When I think of Maine, I first think of lobster. And cold. So when a ticket to Maine appeared in my inbox, courtesy of my mother, I wondered what could possibly be behind it. Turns out, Maine has a lot more to offer during the warmer months (particularly in the realm of lobster). Over the last weekend, I spent four wonderfully active days exploring Mount Desert Island and its tiny town of Bar Harbor.
The island's main draw is Acadia National Park, a land of rocky coastline and rounded mountains covered in pine forest. Most impressive was the park’s multi-generational appeal. There were smooth, level trails around ponds and meadows for people like my mother, who has an old ankle injury and has to take it easy. My teenage sister enjoyed biking on the 57 miles of old carriage roads built by J.D. Rockefeller Jr. for the glamorous families that vacationed at Bar Harbor during the Gilded Age. My friend Tyler and I took on the more challenging nature trails that carried us up and down mountains, through pine and birch forest, over scrubland, and across rocky, open balds. Several trails proved day-long endeavors, one with a vertical scramble down a 500-foot-high rock face (I was unprepared for this one but enjoyed it nonetheless).
Back to the lobster: While it is delicious and highly recommended, don’t let its celebrity status overshadow yet another (cheaper!) Maine delicacy: blueberries. Although the berry season was not yet upon us (they are usually harvested in August), canned or dried berries from last summer graced everything from ice cream to jam, the latter served alongside a regional puff-pastry specialty known as a “popover.” I ate the the little blue jewels of sweet, tart goodness every day, usually in pie form: Hiking. Pie. Biking. Pie. Shopping. Pie.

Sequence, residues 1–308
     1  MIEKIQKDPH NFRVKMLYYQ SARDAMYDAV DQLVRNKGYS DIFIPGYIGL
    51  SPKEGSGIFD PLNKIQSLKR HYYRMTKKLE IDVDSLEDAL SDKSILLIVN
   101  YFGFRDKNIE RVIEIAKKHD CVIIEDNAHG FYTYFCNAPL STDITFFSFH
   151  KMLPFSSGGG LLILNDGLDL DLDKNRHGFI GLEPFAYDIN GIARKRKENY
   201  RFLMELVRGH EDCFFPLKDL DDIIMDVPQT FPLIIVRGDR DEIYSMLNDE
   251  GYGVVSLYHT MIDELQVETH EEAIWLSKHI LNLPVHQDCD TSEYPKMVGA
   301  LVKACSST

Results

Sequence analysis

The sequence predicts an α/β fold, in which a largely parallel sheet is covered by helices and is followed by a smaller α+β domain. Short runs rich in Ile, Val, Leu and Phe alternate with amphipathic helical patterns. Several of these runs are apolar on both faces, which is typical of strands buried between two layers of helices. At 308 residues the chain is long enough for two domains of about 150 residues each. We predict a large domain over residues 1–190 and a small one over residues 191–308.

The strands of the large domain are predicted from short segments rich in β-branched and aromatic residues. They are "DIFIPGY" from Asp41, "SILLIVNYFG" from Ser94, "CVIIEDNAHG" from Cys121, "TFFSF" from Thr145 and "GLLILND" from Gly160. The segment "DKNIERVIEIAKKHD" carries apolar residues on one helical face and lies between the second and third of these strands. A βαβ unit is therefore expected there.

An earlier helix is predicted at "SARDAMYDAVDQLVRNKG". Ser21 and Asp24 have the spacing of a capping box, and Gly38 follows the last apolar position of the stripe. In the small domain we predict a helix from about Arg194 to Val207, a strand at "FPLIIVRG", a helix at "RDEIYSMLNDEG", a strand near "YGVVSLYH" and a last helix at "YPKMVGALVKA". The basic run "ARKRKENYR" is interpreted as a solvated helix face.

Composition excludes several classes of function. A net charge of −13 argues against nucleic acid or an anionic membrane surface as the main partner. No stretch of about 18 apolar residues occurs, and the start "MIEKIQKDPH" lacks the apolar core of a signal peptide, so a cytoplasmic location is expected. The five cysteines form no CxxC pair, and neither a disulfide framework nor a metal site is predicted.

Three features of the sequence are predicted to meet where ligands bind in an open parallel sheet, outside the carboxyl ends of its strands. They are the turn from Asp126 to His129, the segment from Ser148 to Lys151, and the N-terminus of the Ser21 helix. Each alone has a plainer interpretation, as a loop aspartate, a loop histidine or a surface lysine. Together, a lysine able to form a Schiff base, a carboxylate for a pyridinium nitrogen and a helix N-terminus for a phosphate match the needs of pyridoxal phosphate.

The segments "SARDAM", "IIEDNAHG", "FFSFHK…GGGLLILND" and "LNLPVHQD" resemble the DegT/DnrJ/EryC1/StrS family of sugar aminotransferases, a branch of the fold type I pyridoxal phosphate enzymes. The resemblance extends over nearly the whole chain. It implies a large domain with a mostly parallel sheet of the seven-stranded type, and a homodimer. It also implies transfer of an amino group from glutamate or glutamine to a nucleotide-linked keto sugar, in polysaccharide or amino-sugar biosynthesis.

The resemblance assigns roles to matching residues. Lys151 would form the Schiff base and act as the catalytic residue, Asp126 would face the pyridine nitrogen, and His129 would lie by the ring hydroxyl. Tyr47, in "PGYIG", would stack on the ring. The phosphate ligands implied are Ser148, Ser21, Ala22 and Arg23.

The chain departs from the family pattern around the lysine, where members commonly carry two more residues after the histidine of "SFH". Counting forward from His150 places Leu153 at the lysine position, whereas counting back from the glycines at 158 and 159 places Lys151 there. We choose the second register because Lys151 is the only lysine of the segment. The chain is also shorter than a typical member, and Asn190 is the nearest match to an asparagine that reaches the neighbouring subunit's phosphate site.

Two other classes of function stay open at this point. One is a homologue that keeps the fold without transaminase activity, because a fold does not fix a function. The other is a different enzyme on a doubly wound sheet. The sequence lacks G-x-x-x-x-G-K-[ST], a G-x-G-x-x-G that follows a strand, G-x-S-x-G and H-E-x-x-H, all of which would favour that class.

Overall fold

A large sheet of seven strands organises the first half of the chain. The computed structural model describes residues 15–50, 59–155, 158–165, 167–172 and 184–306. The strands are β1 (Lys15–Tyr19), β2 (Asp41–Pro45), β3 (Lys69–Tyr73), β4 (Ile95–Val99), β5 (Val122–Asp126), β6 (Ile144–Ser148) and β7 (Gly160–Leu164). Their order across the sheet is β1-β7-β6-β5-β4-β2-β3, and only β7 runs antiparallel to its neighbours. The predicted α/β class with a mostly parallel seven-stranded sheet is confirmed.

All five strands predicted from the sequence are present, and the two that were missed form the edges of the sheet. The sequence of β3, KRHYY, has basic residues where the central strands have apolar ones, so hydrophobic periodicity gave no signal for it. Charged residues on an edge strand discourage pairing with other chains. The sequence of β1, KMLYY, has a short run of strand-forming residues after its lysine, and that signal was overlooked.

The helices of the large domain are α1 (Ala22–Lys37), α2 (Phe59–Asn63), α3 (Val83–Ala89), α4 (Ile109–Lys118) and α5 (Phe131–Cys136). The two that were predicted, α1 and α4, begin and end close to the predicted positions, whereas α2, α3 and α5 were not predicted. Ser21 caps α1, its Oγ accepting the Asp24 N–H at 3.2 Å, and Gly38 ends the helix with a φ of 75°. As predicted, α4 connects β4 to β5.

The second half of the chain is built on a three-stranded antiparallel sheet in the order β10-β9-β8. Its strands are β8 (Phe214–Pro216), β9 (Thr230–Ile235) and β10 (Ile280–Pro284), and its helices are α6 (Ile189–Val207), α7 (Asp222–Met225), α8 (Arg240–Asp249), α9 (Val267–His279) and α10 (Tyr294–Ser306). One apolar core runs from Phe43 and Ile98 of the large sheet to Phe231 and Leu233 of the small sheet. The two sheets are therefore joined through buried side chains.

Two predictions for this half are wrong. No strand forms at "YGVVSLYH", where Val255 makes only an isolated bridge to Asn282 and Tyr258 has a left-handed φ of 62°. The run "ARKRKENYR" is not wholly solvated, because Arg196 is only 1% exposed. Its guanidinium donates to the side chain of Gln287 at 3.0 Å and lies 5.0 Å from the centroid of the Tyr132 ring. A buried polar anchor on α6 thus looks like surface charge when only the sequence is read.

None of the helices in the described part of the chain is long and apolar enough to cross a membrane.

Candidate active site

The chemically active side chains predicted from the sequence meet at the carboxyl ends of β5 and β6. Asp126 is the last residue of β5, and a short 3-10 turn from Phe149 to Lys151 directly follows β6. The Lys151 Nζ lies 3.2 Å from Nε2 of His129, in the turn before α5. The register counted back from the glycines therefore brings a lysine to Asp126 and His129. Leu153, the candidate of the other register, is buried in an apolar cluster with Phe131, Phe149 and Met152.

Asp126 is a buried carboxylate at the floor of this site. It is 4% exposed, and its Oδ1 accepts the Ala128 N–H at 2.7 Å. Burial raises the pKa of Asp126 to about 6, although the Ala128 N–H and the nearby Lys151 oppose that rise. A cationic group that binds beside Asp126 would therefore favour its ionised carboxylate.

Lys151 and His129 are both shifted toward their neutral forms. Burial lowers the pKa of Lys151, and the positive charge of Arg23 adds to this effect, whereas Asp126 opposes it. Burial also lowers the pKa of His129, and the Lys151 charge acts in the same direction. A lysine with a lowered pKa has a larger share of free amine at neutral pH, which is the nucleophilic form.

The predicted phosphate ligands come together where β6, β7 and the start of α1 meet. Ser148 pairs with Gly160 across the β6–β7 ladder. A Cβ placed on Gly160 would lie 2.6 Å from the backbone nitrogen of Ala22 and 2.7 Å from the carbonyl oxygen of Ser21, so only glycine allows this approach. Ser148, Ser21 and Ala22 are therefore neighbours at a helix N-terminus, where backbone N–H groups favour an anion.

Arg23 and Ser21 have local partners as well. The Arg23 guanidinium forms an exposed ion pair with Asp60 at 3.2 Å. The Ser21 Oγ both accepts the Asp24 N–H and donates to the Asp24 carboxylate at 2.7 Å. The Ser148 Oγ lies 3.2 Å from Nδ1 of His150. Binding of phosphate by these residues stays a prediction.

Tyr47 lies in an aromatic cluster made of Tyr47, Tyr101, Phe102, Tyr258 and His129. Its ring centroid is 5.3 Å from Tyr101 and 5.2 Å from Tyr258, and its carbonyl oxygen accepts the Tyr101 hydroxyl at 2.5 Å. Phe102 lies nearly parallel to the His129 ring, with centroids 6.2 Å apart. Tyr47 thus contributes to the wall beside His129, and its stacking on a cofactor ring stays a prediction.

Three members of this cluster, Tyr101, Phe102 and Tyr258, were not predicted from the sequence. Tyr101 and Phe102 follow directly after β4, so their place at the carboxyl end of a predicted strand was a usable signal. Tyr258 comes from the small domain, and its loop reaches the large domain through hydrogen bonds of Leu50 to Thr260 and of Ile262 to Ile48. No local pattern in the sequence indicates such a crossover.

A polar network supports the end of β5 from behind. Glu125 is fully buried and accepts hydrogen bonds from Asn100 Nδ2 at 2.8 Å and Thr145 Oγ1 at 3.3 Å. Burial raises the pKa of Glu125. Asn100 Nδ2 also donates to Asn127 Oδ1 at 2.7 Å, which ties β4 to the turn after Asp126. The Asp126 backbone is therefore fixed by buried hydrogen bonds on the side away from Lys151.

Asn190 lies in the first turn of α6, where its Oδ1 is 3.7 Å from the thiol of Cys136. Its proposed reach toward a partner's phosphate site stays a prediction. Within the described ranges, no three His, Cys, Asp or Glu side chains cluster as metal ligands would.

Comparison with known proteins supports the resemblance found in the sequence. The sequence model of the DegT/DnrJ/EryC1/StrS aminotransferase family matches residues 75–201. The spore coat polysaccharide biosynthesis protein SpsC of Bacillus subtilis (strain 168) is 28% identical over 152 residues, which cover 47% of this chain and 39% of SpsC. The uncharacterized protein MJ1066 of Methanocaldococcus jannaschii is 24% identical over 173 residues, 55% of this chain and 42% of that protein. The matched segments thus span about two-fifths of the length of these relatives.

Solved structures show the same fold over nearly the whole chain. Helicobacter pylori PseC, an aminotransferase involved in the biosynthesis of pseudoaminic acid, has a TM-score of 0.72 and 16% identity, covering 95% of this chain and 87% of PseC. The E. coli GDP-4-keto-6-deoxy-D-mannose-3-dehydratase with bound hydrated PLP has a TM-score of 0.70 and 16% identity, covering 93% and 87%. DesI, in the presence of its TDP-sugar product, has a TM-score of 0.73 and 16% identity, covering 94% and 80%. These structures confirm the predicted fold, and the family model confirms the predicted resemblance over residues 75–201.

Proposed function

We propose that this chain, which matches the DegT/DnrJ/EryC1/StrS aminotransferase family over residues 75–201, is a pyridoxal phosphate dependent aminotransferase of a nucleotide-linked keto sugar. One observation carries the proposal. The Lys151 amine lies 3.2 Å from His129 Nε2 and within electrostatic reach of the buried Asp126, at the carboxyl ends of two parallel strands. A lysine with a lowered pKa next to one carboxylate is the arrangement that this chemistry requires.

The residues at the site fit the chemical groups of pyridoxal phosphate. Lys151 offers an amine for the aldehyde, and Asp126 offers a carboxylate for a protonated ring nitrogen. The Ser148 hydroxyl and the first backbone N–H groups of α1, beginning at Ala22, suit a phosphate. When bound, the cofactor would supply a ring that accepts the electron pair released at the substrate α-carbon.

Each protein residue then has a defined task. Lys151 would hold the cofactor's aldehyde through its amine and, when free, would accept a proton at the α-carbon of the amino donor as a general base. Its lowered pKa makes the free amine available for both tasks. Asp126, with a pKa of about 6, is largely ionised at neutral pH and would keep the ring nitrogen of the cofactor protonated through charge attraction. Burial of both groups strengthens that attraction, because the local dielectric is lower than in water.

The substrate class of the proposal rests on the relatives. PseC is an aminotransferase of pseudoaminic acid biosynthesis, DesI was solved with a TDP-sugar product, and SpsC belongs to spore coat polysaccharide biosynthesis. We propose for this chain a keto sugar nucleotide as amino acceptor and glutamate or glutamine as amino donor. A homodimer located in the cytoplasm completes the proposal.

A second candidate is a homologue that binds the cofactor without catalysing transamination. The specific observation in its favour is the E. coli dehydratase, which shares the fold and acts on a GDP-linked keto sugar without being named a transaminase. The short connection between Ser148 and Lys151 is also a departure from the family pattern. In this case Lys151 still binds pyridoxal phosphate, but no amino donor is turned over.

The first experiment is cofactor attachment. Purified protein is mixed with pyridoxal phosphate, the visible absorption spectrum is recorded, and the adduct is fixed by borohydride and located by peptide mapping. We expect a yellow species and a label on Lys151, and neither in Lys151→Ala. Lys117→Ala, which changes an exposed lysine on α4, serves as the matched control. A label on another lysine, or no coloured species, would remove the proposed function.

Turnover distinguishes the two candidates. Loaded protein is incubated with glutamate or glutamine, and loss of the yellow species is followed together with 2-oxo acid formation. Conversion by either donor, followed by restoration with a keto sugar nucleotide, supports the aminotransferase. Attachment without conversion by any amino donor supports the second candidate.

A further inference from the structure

And what trip to Maine would be complete without some whale watching? We took a break from hiking one day and set out on the Atlantic. During a stop just offshore at Petit Manan Island to see puffins perched on the rocks, the captain held a radio interview with bird researchers stationed on the tiny island. Most researchers stay there for at least three months. Supplies arrive once a week, and each day starts with a bird count – not an easy task, judging by the hundreds of birds in view. The trip culminated with a 45-foot finback whale that dived and spouted next to the boat several times.
You can rest assured about the effects of such tourism on the wildlife. The boat, designed in Australia, is outfitted with special water-jet propulsion mechanisms instead of propellers that can injure whales. Several on-board researchers and naturalists-in-training use the trip to conduct field work and record sightings, while other naturalists lecture tourists about area wildlife throughout the four-hour long trip. Donations are taken for the local whale rescue organization, and books on marine life are provided for children as entertainment for the trip out and back.
Back on shore, the sleepy little town of Bar Harbor is packed with museums, cafés, and shops offering anything from moose-print pants to tourmaline, Maine’s state mineral. Most are kitschy, but altogether they contribute to the quaintness of the town. Lobster boats drifted in the harbor while bald eagles chased seagulls overhead. Foghorns sounded. Clichés abounded.
But the small-town charm goes beyond the sensory. Most of the hotels on the island are locally- and family-owned B&Bs, including ours, the Highbrook Motel. In the bicycle shop, my mother ran into the great-granddaughter of its original owner. And, on one of my various quests for blueberry pie, Tyler and I entered Café Bluefish, where the waitress seduced us with talk of a blueberry-blackberry “crisp,” hot, gooey berries topped with melted brown sugar and oats, perfect for my addiction. But when we told her we needed it to go, she informed us that she couldn’t package it for transport, as each crisp was individually baked in a teacup belonging to the restaurant. She thought for a second.
“Just take it with you and bring the cups back tomorrow,” she said. “We’ll be closed, but you can let yourself in and leave it by the kitchen door.” A nearby patron saw our surprise and smiled. “Don’t worry about it,” she said. “That’s just how we are around here.”
Bar Harbor Whale Watch Co.: 1 West St. 207-288-2386.
Highbrook Motel: Rt. 3 - 94 Eden St. 1-800-338-9688.
Café Bluefish: 122 Cottage St. 207-288-3696.
Photos courtesy of Sharon Berk